It's been a long journey, but 17-year-old Sudanese refugee Teresa Yuol is kicking off her university career as UNSW's first Football United scholar.

Teresa has begun classes in anthropology and sociology, supported by the first scholarship in a pilot program designed to help young people with limited resources, formal schooling and family support access a tertiary education.

"I only arrived in Australia in 2003 and it was not long ago that I graduated from high school. Now I am finding myself in a new life at university. I'm very excited ..."

The Football United scholarship builds on the Football United program, a UNSW initiative that uses regular soccer programs to build opportunities for belonging, racial harmony and social inclusion among the 7,000 refugee children who arrive in Australia every year.

Teresa, who lives in Blacktown, said it was a special feeling to be a Football United member and to be offered the chance of a tertiary education.

"I have been part of Football United for the last four years, joining when I was 13. It is a fantastic program that gives so many opportunities.."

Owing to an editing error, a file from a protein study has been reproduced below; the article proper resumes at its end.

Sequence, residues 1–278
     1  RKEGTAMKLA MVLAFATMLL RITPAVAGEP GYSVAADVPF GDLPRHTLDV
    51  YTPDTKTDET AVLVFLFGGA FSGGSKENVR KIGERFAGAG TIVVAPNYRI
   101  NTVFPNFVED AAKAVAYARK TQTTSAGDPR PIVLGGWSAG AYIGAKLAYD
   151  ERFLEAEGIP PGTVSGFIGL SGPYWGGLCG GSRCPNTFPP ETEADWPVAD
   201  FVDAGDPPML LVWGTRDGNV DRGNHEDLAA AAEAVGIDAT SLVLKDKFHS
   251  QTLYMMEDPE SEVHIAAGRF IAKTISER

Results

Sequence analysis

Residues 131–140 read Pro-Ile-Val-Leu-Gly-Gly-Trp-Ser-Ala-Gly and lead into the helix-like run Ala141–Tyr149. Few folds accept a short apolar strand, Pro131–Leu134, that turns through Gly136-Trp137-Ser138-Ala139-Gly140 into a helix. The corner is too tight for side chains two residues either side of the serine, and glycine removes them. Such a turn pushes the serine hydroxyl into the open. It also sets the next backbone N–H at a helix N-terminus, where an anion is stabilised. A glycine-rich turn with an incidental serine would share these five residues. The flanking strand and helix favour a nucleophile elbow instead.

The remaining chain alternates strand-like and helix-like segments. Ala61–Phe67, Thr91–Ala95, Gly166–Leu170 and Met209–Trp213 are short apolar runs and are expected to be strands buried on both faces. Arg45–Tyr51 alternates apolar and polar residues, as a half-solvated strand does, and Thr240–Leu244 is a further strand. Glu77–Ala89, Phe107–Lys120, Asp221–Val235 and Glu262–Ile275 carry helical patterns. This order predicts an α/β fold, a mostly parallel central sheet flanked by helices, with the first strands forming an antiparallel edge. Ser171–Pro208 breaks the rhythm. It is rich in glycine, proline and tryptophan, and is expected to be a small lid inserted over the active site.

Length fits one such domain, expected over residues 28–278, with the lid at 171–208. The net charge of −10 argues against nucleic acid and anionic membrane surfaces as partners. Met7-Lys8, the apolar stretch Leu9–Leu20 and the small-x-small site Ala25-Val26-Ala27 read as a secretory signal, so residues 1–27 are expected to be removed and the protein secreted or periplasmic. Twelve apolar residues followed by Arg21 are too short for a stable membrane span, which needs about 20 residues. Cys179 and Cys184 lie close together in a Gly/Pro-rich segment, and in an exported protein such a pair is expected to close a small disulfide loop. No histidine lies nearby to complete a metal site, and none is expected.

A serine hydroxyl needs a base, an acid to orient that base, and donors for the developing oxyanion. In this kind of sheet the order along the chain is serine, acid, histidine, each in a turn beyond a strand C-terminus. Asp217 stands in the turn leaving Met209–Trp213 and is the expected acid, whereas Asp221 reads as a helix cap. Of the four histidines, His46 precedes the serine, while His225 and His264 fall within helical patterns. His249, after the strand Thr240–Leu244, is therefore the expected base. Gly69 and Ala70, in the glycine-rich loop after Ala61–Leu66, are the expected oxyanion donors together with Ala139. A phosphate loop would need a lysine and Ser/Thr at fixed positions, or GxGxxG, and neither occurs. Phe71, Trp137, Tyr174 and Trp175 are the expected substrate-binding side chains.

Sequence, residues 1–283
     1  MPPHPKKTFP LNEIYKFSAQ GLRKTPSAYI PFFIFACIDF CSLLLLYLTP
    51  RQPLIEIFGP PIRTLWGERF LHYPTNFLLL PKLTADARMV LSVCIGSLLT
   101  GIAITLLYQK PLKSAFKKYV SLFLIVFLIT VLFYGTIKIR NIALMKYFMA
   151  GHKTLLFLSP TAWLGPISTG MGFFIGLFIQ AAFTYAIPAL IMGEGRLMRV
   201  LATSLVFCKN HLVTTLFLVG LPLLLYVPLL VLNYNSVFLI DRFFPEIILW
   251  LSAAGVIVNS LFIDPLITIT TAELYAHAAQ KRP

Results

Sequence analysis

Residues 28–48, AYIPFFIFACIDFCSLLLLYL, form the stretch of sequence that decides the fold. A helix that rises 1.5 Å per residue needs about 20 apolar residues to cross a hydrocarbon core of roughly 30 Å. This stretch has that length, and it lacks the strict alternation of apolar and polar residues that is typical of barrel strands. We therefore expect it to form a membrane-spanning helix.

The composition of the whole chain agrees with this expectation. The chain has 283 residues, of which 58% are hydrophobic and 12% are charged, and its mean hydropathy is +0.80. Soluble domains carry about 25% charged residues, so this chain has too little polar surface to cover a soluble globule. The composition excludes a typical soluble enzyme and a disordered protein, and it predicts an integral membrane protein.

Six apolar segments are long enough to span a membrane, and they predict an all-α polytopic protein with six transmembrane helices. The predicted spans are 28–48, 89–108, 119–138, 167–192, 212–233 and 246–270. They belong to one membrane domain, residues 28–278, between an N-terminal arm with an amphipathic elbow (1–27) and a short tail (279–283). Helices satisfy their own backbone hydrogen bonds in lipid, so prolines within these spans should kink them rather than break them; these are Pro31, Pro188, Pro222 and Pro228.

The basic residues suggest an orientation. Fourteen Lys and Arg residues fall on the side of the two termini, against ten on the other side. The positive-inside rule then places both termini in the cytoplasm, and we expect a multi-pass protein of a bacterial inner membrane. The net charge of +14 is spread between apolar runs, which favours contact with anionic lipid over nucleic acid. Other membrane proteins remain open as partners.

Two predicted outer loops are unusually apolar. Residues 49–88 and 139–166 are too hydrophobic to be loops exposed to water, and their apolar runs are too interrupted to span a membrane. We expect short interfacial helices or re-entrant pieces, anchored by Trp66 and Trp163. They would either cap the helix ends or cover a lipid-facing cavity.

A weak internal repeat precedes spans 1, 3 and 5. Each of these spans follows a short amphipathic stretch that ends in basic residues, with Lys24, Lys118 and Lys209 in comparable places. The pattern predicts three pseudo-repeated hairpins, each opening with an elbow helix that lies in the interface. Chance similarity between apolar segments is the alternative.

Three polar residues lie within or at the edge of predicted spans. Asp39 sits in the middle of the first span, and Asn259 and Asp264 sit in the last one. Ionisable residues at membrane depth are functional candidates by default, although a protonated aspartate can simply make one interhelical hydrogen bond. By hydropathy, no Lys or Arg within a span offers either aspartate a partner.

Born in the Kenyan refugee camp of Kakuna, Teresa's parents died shortly after her birth. She moved to Australia when she was 10 under the guardianship of her aunt. With her schooling interrupted due to the difficulties of camp life and illness, Teresa didn't learn to read and write English until she arrived in Sydney.

"It is great to be offered this opportunity. It was just a few weeks ago that they called me and said that I got the scholarship. I couldn't describe the way I felt at that time.

"I am looking forward to starting at UNSW and to achieve my goals by little steps and with the help of Football United and UNSW there is no doubt that I will succeed," Teresa said.

Football United founder, Ms Anne-Bunde-Birouste, from UNSW's School of Public Health and Community Medicine, said the scholarship will cover a year's bridging study and, if successful, could be extended to cover the costs of Teresa's undergraduate degree.

"Teresa is just one example of what young people will achieve if someone takes the time to support and believe in them. The scholarship is worth much more than its dollar amount in the opportunities it provides," Ms Bunde-Birouste said.

"UNSW recognises that there is more than one way to assess an individual's capacity, and I'm proud to be part of a university that supports such an initiative," Ms Bunde-Birouste said.

"I look forward to ensure that we actively fundraise for additional scholarships for Football United players such as Teresa."

Teresa's message to other teenagers is to take every opportunity that comes their way.

"Opportunities like this come only once in a lifetime. It's a scholarship so there's nothing to repay. All you have to do is prove that you are the perfect person and then just believe in yourself."

Media contact: Steve Offner, UNSW Media | 02 9385 8107